On other issues, CHINA shared text on the safety of substitutes: “Parties recognize the importance of timely updating international standards for flammable low-GWP refrigerants including IEC60335-2-40 and support promoting actions that allow safe market introduction, as well as manufacturing, operation, maintenance and handling of zero-GWP or low-GWP refrigerant alternatives to HCFCs and HFCs.” Parties agreed.

The EU reminded delegates of its text on periodic technology reviews, which states: “Conduct periodic technology reviews to identify alternatives that will include information on energy efficiency.” SAUDI ARABIA expressed concern about combining energy efficiency and availability of technologies, saying that availability also includes cost concerns. He requested time to develop and discuss draft text. Following a short consultation, the EU reported that the text now stated “Conduct periodic reviews of alternatives using criteria set out in paragraph 1(i) of decision XXVI/9 (Response to the report by the TEAP on information on alternatives to ODS),” noting that parties will discuss this issue further at the OEWG 38.

PAKISTAN requested the Co-Chairs to provide an update on the status of challenges not mentioned.

Xia clarified that some outstanding issues will be taken forward to OEWG 38 and, as such, issues will be subject to further consultation and negotiation before adoption of any amendment. The contact group was then adjourned.

On Sunday morning, when the OEWG 37 plenary reconvened at 2:50 am, OEWG 37 Co-Chair Leslie Smith asked the contact group to report on its outcome. Contact Group Co-Chair McInerney reported a “concrete and positive outcome” and reviewed the solutions developed for each category of challenges identified in the Dubai Pathway, noting that solutions for some challenges would require further discussion during the course of the amendment negotiations.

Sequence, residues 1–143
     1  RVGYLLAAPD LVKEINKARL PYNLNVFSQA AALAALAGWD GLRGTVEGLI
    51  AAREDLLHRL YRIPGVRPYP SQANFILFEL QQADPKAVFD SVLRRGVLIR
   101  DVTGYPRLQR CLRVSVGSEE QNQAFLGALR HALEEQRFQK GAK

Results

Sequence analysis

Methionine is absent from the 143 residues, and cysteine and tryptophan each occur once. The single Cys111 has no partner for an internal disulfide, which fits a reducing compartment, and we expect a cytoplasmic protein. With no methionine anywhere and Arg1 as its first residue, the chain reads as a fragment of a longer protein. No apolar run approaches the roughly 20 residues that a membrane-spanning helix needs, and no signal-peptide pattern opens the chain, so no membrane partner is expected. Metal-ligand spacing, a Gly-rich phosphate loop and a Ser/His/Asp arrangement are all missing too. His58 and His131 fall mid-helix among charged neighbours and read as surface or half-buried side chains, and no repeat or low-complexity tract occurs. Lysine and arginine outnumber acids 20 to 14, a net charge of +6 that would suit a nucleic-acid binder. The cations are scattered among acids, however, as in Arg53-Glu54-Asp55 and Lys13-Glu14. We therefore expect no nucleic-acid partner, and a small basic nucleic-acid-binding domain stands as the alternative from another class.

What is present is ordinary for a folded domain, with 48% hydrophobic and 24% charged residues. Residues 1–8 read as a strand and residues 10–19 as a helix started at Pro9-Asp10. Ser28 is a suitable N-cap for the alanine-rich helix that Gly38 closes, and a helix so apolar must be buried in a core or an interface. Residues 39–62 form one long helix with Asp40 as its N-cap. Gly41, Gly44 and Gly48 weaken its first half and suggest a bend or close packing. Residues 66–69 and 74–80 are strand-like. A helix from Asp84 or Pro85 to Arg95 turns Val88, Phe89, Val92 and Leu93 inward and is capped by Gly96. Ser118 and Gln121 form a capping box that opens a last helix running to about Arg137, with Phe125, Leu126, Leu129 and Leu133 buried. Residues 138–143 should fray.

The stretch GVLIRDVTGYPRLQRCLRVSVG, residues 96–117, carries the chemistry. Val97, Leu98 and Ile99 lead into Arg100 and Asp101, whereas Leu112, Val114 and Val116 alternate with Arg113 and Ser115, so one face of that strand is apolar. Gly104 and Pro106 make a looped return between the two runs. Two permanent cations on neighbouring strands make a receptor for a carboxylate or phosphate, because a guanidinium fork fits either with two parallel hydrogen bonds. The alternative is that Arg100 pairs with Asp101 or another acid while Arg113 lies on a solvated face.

OEWG 37 Co-Chair Smith welcomed the report and asked if there were any objections or clarifications from the floor. INDIA noted that the funding challenge deliberations agreed that both process and application patents will be covered. In response to a request from PAKISTAN, Contact Group Co-Chair McInerney read the agreed language regarding funding for the cost of importing alternatives, which calls for a proposal on this point to be discussed while negotiating an amendment and resolved prior to the adoption of an amendment to the Montreal Protocol.

OEWG 37 Co-Chair Smith said the set of agreed solutions will be reported to OEWG 38, permitting advancement to the next stage of the Dubai Pathway, negotiations of an HFC amendment.

INFORMAL DISCUSSIONS ON HFCs-HCFCs LINKAGES: This informal group met in the afternoon and evening, facilitated by Hussein, to consider draft text developed by a small group of interested parties. The text was presented by one party, who noted that the text acknowledges: the linkages between HFC and HCFC schedules; the preference to avoid transitions from HCFCs to high-GWP HFCs; the willingness to provide flexibility if no alternatives are available; and, inter alia, allow for a direct transition to low-GWP alternatives at a later date, with the text applying to “certain sectors, in particular industrial process refrigeration.” 

One party questioned what “later date” meant. Another, supported by several others, called for adding “zero-GWP,” in addition to referencing low-GWP alternatives. Several questioned why the text was limited to the industrial process refrigeration sector, with some requesting inclusion of air conditioning, which was strongly opposed by another. Several parties noted that the text was not necessarily limiting, by using the term “certain sectors,” and that industrial process refrigeration had been singled out because they were complex, individually-designed systems entailing very high cost and were difficult to replace.